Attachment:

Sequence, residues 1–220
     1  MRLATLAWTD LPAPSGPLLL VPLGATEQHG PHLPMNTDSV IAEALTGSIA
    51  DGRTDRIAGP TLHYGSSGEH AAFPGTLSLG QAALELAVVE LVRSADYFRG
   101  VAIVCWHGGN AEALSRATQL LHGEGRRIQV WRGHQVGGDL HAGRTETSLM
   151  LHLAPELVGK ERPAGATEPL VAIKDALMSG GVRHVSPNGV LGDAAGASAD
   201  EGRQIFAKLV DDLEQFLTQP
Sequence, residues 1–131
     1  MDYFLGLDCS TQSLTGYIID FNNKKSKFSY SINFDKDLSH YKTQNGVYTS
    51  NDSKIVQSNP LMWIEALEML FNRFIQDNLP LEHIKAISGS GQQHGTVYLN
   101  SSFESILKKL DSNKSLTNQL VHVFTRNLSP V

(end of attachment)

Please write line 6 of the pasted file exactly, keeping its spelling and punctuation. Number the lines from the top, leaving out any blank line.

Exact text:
   201  EGRQIFAKLV DDLEQFLTQP